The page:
The latest round of UN climate negotiations in Bangkok ended today with Executive Secretary Christiana Figueres touting the talks' "positive momentum" and "concrete progress," and the NGO coalition Climate Action Network sounding notably less enthusiastic.
Above: Delegates met in Bangkok for a week of climate negotiations to prepare for the major conference later this year in Doha. (Photo credit: flickr user UNclimatechange)
Environmental Defense Fund Attorney Alex Hanafi said in EDF's closing statement:
In Bangkok, it became clearer still that the prospect of a new climate deal that calls for all countries to do their part to lower emissions is still in its very early stages, and countries are grappling with how to transition from the old regime to a still as-yet-undefined new one.
Outside the slogging UN negotiations, however, momentum for action on climate change continues growing at national, regional and state levels. For instance, Alex said:
Australia and Europe’s agreeing to link their carbon markets last month is the latest example of the kind of international cooperation needed to stitch together climate action into a whole that will be greater than the sum of its parts.
The next — and the year's biggest — round of international negotiations begins in November in Doha, Qatar.
In Doha, Alex said, countries' success will be measured by their ability to do two things:
- expeditiously resolve their differences on the continuation of the Kyoto Protocol, and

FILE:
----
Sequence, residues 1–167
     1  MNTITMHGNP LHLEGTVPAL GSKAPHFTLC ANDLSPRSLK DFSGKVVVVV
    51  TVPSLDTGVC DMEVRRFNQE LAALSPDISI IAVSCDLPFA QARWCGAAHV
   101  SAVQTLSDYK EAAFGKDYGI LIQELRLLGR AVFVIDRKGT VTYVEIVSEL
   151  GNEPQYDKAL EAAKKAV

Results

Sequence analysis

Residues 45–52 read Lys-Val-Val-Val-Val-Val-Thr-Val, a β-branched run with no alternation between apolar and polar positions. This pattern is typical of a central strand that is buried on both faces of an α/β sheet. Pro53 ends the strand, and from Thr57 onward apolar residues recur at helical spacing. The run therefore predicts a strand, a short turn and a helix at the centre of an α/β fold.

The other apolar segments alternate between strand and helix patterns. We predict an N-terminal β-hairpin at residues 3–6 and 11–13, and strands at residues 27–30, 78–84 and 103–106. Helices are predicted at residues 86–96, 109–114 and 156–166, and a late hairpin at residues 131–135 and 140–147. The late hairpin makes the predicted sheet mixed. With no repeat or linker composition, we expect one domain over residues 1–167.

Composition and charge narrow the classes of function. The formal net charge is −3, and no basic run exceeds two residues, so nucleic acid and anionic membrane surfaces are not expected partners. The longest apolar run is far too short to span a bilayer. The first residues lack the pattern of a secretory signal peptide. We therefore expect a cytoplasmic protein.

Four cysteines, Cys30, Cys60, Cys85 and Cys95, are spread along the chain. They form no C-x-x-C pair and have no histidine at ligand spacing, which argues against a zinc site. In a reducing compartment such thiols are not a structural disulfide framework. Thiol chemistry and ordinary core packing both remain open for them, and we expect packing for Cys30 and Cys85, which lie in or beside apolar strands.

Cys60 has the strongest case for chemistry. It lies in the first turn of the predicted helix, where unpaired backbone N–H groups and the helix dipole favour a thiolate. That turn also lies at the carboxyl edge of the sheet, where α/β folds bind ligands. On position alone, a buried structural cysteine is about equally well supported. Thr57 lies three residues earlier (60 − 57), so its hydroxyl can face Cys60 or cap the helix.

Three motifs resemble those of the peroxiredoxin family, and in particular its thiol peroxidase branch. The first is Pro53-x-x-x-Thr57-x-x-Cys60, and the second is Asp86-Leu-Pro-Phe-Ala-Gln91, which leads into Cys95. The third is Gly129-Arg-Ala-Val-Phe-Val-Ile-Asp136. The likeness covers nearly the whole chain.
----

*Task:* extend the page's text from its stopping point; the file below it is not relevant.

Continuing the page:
- then focus on making substantive progress toward achieving a strong, enforceable and flexible climate agreement by 2015.
Also posted in UN negotiations
Climate talks in Bangkok wound down Friday, but with just three weeks until the upcoming Barcelona session, negotiators were clearly positioning for the next round.
Climate negotiators receive a warm welcome upon arriving at the UN conference center in Bangkok…
An excerpt of the 2009 IEA energy report released in Bangkok shows global energy emissions are down 3 percent this year due to the global economic crisis.
Ironically that could give us just enough breathing room to keep atmospheric CO2 concentration below 450 parts per million as we ramp up investment in renewable sources.
We're hearing from dozens of delegates working around the clock on tropical forests and climate change here in Bangkok – they say progress is being made on key issues like REDD principles, objectives for REDD, and that the consolidation of text is indeed taking place.
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